• Solitude: moderate (saw a few groups around Marion Lake and one on Death Shelf)
  • Bugs: grasshoppers and bees
  • Precip: Sprinkled most of afternoon and early evening
  • Temp: 47 overnight low
  • Jan’s Cherry Picker Delight Scale: 5 cherries (out of 5) (loved the section between Marion Lake and Death Canyon, lots of WOW views)

Tips:

Links:

Resources:

WY – Teton Crest Trail, Grand Teton National Park (Part 1)

Since I was only about 70 miles from the Tetons, and given I was already acclimated to the elevation after spending the previous six weeks in Wind River Mountains, I figured I might as well try my luck at obtaining a walk-up permit. Arriving after the Visitor Center closed, I spent the night staring at my objective. 

The Park holds two thirds of their permits for walk ups. Those are pretty good odds. I arrived at the Craig Thomas Discovery and Visitor Center an hour before it opened in hopes I’d be first in line, which I easily accomplished. By pushing my start date back I day, I scored the permit I desired. The ranger talked me into exploring Leigh Lake while I was waiting to get started. 

Skies were a bit smoky which made me concerned about proceeding with my trek. 

I had my own private beach and only saw one other party at the lake. Since I only had to pack for one night, I brought a few luxury items like my beach shoes. 

With a hike of only a couple miles, I even brought my chair (Moon Lence). 

There are many trailheads from which you can access the Teton Crest Trail. I based my itinerary on one provided by a friend; she’d recommended starting from the Coal Creek Trailhead, west of Teton Pass on Highway 22. I rarely hike one-way routes because of the transport logistics but I decided to make an exception for this opportunity. Rather than arrange for a taxi, I decided I’d try to hitch the 40-50 miles. I quickly secured a ride from the String Lake parking area to the junction of North Jenny Lake and Teton Road. Although there was plenty of traffic, no one seemed interested in giving me a lift. I’d noticed a painter at the Cathedral Group turnout. Before calling a taxi I approached this gentleman but he was planning to spend the day in that location. However, another guy had stopped to chat and offered me a lift. Richard ended up being my angel, giving me a ride all the way to the trailhead, completely out of his way. We had great conversation and he relieved me of so much worry. Thanks again Richard! (p.s. I never received your email, try adding a “1” to the address I gave you or use jansjaunts-wordpress@yahoo.com.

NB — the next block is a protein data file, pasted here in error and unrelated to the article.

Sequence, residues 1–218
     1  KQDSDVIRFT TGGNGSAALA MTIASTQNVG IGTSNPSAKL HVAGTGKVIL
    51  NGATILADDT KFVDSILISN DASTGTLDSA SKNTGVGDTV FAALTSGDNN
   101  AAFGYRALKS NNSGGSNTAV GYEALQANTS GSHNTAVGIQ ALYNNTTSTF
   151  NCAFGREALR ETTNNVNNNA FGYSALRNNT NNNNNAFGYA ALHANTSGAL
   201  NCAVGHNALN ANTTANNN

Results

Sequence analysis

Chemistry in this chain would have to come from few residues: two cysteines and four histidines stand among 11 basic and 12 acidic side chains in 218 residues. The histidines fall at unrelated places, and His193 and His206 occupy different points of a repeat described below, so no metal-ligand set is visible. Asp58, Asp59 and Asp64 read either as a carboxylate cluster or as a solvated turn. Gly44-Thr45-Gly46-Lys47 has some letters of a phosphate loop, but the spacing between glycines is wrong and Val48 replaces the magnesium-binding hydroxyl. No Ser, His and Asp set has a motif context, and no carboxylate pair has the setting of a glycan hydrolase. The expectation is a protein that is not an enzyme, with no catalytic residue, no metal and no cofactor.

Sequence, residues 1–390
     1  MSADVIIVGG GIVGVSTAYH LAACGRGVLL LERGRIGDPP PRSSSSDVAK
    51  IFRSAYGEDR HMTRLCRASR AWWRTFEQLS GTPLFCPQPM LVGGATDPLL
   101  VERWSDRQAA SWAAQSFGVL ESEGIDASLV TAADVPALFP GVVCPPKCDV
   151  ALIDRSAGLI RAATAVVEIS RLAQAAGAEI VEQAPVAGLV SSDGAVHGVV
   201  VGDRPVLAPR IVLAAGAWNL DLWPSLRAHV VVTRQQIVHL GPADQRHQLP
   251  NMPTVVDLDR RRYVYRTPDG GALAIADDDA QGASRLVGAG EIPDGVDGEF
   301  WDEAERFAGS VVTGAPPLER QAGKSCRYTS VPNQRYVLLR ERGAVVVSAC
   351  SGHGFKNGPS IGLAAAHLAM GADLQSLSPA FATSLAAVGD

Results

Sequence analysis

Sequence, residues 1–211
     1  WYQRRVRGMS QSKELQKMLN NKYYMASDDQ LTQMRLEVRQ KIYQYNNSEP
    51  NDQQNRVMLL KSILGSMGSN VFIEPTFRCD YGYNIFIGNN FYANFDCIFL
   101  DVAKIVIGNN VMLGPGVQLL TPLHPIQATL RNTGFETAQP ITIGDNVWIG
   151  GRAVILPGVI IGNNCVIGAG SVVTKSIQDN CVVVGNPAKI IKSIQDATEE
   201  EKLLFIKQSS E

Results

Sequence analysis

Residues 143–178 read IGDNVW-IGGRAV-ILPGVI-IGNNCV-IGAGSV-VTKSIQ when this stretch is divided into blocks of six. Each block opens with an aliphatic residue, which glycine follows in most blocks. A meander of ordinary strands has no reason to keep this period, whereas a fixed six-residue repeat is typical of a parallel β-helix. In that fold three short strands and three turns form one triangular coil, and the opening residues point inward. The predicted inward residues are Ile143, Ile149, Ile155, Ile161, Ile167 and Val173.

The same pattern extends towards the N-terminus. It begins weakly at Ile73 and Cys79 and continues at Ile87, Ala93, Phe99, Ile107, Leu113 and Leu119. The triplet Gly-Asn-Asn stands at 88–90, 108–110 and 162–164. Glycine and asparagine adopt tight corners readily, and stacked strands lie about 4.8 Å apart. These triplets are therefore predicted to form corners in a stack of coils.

Much of the Grand Teton National Park (GTNP) borders the Jedediah Smith Wilderness with the trail bouncing in and out of the Park boundaries. My first 8-10 miles were outside the Park giving me campsite freedom the first night. 

Much of the first few miles was contending with past peak wildflowers, a little overwhelming as they drooped over the trail. 

As I gained elevation, live wildflowers replaced those gone to seed. Far in the distance is one of the Teton peaks.

My goal was to spend the night at Moose Lake, which is tucked below and to the left of this granite ridge. 

But with my late start and plentiful elevation gain, I didn’t quite make it. After getting within about 1/2 mile of the lake, I retreated to this nice site near Moose Creek

While eating breakfast, the creek’s namesake strolled by, not even giving me a glance. 

I’ve been wanting to see a moose in the wild forever. How lucky to see one at Moose Creek! My only regret was I didn’t have my camera nearby, but at least had my phone to capture this photo. 

Moose Lake is over there, a place that looks worthy of a future visit.

Beautiful country near the Moose Lake basin. 

To be continued . . .

Hike Details:

  • Date(s) Hiked: 8/28-8/29/17
  • Mileage: About 5 round trip to Leigh Lake from parking; about 8 from Coal Creek trailhead to Moose Creek
  • Elevation Gain/Loss: Unknown as preserving battery; however, it was a continuous climb from the Coal Creek trailhead to Moose Creek.
  • Trail Conditions:
    • Tree obstacles: minimal
    • Overgrowth: wildflowers
    • Signage: good
    • Terrain: decent switchbacks
  • Water: Plentiful as trail borders Coal Creek to Mesquite Creek to Moose Creek